Is There Value In Singapore’s Semiconductor Industry?

Semiconductors are the foundation for all modern technology. The industry is worth billions of dollars. In January this year, worldwide semiconductor sales totalled nearly $30 billion, which represented a 9% increase on the previous year.

Singapore is home to 13 companies related to the semiconductor business. With people’s dependence on modern technology ever increasing, these companies could be some of those that stand to benefit.

But are they also good value opportunities?

STATS ChipPAC Ltd (SGX: S24) is the largest by a country mile. With a market value of more than S$1b, it is over four times larger than of the second-biggest company.

However, whilst the semiconductor industry may be growing, STATS ChipPAC has seen revenue fall between 2011 and 2013. However, they picked up a little this year.  The company has also made net losses in the last two years, though.

STATS ChipPAC currently trades at a 10% discount to its book value. This might provide value hunters with a small margin of safety.

Two smaller companies experiencing different fortunes are Micro-Mechanics Holdings Ltd (SGX: 5DD) and Ellipsiz Ltd (SGX: E13).

Since 2012, both businesses have seen their net incomes grow. Micro-Mechanics has roughly doubled its bottom-line, while Ellipsiz has seen its net income increase more than four-fold.

Both companies have also been growing their balance sheets, effectively increasing their total assets. Ellipsiz has been paying down its total liabilities, which gives the S$60m company a slightly healthier look.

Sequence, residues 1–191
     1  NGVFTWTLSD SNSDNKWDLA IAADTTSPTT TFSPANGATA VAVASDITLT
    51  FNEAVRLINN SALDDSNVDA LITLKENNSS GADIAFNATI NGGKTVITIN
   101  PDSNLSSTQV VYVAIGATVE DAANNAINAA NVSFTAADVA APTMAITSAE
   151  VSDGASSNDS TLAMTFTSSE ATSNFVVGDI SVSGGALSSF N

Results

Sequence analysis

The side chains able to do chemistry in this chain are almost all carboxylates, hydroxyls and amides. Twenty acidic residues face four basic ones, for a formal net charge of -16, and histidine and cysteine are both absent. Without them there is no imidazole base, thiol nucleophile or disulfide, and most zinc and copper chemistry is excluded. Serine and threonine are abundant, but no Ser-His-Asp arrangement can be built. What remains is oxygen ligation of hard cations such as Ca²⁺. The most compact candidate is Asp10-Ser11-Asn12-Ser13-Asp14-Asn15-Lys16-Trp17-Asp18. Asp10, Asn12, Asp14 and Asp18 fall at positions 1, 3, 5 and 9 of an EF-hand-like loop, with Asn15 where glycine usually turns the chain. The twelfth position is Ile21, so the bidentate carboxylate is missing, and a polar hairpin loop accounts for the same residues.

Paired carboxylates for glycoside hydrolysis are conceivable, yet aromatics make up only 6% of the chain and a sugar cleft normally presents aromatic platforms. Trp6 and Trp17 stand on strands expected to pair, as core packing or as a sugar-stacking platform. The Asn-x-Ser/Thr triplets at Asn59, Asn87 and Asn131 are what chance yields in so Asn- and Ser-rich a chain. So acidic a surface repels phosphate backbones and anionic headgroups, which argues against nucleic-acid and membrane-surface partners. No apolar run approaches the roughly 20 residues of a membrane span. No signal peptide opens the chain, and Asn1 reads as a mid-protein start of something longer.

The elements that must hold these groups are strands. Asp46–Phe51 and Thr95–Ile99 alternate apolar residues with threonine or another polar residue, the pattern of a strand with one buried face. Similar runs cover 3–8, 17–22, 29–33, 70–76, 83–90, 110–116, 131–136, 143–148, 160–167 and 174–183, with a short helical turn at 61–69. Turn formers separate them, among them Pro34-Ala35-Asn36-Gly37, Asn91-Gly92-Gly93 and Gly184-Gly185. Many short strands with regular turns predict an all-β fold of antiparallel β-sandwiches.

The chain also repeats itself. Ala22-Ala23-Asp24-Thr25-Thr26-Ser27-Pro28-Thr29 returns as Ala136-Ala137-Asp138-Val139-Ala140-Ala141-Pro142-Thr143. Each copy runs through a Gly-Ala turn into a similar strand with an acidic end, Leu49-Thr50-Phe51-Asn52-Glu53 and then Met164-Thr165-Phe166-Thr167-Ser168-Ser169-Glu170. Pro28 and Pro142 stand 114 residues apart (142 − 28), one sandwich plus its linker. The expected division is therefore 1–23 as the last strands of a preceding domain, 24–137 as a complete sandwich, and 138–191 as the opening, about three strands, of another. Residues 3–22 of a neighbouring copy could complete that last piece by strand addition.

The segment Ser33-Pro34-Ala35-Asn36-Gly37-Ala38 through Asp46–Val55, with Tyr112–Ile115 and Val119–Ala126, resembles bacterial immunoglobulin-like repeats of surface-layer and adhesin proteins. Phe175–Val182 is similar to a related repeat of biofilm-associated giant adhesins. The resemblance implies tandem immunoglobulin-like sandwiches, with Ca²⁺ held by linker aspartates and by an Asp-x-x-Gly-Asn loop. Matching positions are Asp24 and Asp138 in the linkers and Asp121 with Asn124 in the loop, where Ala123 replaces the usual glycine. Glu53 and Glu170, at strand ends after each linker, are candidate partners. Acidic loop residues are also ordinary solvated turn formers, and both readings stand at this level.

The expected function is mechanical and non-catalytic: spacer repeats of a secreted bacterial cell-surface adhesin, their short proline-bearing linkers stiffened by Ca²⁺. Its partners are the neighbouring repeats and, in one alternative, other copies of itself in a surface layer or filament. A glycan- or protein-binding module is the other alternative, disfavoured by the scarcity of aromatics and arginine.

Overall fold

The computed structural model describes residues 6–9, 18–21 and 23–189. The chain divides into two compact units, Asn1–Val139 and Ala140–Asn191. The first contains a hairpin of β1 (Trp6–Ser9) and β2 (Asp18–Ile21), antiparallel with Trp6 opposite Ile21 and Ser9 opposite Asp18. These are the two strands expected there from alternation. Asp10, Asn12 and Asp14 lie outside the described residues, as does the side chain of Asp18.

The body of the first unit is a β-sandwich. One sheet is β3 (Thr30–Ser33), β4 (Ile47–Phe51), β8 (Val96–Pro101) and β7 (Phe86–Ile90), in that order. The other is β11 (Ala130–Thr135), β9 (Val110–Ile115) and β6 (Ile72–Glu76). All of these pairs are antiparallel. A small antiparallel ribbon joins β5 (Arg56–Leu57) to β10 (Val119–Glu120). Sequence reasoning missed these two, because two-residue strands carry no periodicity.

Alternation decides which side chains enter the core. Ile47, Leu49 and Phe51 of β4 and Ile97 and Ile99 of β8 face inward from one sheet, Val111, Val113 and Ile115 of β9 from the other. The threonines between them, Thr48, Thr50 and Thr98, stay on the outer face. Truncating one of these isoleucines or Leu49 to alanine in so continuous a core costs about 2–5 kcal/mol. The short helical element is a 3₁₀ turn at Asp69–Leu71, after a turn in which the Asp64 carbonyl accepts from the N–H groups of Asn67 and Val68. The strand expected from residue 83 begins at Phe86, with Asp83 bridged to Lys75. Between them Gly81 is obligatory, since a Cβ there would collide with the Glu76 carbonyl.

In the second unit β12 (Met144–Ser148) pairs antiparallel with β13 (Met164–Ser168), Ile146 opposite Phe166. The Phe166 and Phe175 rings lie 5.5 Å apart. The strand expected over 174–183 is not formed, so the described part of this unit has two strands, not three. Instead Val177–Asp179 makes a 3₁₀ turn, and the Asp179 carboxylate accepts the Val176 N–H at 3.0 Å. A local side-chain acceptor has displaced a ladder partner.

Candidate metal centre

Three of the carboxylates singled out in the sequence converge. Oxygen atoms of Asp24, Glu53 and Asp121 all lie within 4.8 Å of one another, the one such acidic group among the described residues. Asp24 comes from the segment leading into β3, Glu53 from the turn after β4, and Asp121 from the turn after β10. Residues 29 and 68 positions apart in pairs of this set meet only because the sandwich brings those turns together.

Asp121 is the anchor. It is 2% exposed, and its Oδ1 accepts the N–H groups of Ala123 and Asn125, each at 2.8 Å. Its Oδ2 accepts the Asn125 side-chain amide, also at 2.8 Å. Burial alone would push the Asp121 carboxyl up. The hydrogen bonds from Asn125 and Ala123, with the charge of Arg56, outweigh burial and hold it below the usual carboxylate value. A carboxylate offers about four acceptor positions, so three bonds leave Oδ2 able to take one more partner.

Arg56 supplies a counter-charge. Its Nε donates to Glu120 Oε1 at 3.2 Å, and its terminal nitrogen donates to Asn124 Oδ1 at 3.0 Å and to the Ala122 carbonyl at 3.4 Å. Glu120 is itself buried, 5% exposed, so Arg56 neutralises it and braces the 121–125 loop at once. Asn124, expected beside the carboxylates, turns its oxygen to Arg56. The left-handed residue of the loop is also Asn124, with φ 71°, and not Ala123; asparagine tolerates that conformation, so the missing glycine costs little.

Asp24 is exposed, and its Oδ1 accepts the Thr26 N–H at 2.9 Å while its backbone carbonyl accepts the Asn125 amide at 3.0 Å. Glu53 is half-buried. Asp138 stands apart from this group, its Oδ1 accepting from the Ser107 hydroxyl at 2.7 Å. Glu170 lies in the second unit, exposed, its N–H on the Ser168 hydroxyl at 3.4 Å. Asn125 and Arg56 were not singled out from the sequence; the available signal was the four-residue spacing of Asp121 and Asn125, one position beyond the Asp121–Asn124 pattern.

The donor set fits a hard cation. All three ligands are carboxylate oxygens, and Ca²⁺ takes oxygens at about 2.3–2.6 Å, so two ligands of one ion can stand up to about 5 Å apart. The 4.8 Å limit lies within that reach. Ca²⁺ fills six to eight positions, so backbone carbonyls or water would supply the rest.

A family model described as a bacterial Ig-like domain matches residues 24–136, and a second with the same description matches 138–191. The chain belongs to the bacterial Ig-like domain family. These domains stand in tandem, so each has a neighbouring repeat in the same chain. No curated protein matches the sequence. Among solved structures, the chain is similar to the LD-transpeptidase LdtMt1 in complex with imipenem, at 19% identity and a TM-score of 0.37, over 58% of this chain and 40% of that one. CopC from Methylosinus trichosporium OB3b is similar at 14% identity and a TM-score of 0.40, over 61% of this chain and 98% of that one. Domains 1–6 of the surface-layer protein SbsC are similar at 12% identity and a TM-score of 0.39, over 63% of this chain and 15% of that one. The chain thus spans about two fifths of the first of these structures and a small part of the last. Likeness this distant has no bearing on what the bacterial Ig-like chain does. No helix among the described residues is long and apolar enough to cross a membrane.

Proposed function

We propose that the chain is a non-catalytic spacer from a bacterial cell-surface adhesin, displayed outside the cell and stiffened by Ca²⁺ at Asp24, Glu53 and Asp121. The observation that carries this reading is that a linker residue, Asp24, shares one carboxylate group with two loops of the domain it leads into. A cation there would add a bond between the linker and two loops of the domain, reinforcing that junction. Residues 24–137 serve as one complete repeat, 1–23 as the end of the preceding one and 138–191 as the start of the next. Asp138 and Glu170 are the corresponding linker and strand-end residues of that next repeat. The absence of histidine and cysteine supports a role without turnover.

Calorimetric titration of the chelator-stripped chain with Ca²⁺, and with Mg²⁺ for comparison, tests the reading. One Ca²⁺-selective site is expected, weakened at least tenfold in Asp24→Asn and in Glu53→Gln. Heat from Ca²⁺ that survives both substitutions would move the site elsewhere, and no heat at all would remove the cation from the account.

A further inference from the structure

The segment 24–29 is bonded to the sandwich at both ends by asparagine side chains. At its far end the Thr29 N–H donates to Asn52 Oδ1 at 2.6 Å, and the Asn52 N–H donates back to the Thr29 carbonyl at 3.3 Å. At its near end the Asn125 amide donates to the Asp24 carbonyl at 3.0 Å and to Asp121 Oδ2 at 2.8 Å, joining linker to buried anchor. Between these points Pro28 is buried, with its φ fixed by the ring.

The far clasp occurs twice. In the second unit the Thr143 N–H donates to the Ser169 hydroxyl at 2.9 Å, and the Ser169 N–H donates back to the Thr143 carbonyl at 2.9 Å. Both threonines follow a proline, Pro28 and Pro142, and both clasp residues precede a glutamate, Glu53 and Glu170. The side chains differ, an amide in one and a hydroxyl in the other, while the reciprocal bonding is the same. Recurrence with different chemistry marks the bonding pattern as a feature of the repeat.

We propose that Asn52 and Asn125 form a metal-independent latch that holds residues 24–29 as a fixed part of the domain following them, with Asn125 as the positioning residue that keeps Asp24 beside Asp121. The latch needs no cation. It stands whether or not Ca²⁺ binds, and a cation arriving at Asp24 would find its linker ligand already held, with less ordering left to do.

Another similarity between the two is that they both possess reasonable price-to-earnings ratios. Micro-Mechanics is priced at 9 times earnings while Ellipsiz is valued at 7 times historic profits.

Micro-Mechanics may be able to justify a slightly higher price, since it also offers a dividend yield of 4.7% versus a yield of 3.6% from Ellipsiz. That said, both yields are above the market average.

The key difference, from the perspective of a value investor, comes from the price-to-book ratio. For Micro-Mechanics the ratio is 2.1 whilst Ellipsiz is priced at a 20% discount to its book value.

This would appear to suggest that Ellipsiz might offer slightly more value amongst the raft of companies associated with the Singapore semi-conductor industry.

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The information provided is for general information purposes only and is not intended to be personalised investment or financial advice. Motley Fool Singapore contributor Adam Kuo doesn’t own shares in any companies mentioned.